My last job was as a back server, where I polished glasses, forks, and all that fun stuff for a bar. This was just north of Toronto, Ontario, in a little town called Mono. It was a fancy five-star bar in a resort, and I was stuck in the back hiding from all the customers.
How did you decide to switch careers and start on Amazon?
One night I came home from work feeling frustrated. The shift was so bad, my managers were so lazy and constantly failing at being decent human beings.
I was angry. I felt trapped. I felt like I'm not getting anywhere.
I realized that if I kept earning $350 a week consistently for the next four years, I'd have no money - it would all be spent as soon as I got paid. I needed something new.
I was in a lot of pain. I was struggling. I was getting older, and the clock was ticking. This all hit me at once.
I went onto YouTube searching for options on how to make money online. I needed an escape.
I came across this dude who was apparently making $20,000 selling things on Amazon. When I found that video something inside me clicked, and from there I just fired on all cylinders.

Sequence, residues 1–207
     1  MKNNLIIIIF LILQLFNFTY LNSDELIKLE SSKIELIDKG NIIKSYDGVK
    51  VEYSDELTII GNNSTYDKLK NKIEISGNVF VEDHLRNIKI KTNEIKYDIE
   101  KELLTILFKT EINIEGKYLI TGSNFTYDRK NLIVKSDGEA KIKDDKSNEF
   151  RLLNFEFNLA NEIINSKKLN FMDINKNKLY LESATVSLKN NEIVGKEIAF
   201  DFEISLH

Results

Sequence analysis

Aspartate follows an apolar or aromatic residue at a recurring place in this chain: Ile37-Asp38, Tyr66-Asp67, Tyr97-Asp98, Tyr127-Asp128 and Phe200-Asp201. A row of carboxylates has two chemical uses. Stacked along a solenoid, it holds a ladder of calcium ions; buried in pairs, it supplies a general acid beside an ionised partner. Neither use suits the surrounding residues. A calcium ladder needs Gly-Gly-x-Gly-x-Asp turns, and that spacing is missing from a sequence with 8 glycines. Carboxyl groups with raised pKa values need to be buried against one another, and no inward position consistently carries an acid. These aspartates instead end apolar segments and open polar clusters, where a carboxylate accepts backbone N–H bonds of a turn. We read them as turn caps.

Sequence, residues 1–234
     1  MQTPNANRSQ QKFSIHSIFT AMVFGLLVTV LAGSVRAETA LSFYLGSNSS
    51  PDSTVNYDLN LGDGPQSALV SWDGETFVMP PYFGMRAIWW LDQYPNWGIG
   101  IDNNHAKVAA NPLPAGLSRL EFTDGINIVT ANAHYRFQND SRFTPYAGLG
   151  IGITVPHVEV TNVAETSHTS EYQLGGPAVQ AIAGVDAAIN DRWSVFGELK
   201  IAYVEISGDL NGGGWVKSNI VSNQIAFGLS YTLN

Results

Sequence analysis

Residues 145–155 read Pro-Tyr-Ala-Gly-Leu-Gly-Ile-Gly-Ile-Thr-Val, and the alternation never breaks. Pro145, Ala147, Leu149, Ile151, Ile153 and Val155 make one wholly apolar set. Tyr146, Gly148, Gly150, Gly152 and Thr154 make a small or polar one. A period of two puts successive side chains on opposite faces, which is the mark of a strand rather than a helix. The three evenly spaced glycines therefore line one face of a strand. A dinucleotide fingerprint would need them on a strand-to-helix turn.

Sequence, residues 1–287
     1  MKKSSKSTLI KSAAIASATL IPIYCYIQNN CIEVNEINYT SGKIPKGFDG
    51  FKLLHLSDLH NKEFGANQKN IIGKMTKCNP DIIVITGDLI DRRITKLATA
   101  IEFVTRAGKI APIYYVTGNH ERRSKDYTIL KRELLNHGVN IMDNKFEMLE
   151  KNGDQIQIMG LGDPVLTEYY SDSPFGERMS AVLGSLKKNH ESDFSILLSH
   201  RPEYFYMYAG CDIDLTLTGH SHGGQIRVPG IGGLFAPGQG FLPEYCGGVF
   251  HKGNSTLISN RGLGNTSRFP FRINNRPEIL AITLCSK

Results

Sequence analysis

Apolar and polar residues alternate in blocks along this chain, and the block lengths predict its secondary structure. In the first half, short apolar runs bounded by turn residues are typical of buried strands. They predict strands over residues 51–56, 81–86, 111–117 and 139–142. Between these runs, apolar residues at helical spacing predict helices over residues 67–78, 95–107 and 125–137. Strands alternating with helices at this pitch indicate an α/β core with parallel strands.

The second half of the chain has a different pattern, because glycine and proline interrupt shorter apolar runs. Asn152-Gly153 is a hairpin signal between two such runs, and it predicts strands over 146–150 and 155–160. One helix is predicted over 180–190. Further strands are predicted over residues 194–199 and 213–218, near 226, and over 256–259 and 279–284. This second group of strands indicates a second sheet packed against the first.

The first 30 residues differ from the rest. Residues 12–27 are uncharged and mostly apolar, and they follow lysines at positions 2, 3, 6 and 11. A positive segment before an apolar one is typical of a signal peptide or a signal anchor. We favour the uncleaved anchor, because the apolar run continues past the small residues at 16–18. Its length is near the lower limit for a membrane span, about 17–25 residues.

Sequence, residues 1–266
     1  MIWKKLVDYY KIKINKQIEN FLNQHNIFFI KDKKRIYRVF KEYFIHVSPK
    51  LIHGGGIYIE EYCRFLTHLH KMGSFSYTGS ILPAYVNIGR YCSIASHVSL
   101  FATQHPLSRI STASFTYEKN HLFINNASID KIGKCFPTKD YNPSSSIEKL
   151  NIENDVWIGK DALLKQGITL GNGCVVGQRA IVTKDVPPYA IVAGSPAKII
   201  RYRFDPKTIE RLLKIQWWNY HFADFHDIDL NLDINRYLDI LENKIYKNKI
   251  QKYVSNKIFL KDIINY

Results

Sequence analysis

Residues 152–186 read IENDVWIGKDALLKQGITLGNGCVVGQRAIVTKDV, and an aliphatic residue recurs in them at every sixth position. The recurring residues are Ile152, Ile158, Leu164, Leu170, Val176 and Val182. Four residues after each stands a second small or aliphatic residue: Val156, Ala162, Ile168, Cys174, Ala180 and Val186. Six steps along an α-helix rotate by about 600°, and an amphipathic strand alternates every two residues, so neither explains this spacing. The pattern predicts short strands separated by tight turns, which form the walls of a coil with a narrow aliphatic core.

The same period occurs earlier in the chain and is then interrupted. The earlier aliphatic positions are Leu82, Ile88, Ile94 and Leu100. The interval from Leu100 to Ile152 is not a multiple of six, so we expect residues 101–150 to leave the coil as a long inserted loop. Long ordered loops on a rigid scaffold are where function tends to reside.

I did not need 20k- I needed a way out of this.
''I thought- if that guy could do it, I could do it too.''
I got a coaching call with him, and nothing seemed too complex. In fact, it seemed pretty easy. From there- I got his course, learned how to sell on Amazon, and went full blast into it.
You need to understand my mindset: If I go in and commit- I really go fully into whatever it is and attack it from every angle.
I've learned several times that if you want to go somewhere, you should ask the person who's been there, not someone who has an opinion about it. I figured I’d go to the person doing what I want to do, and do what he did.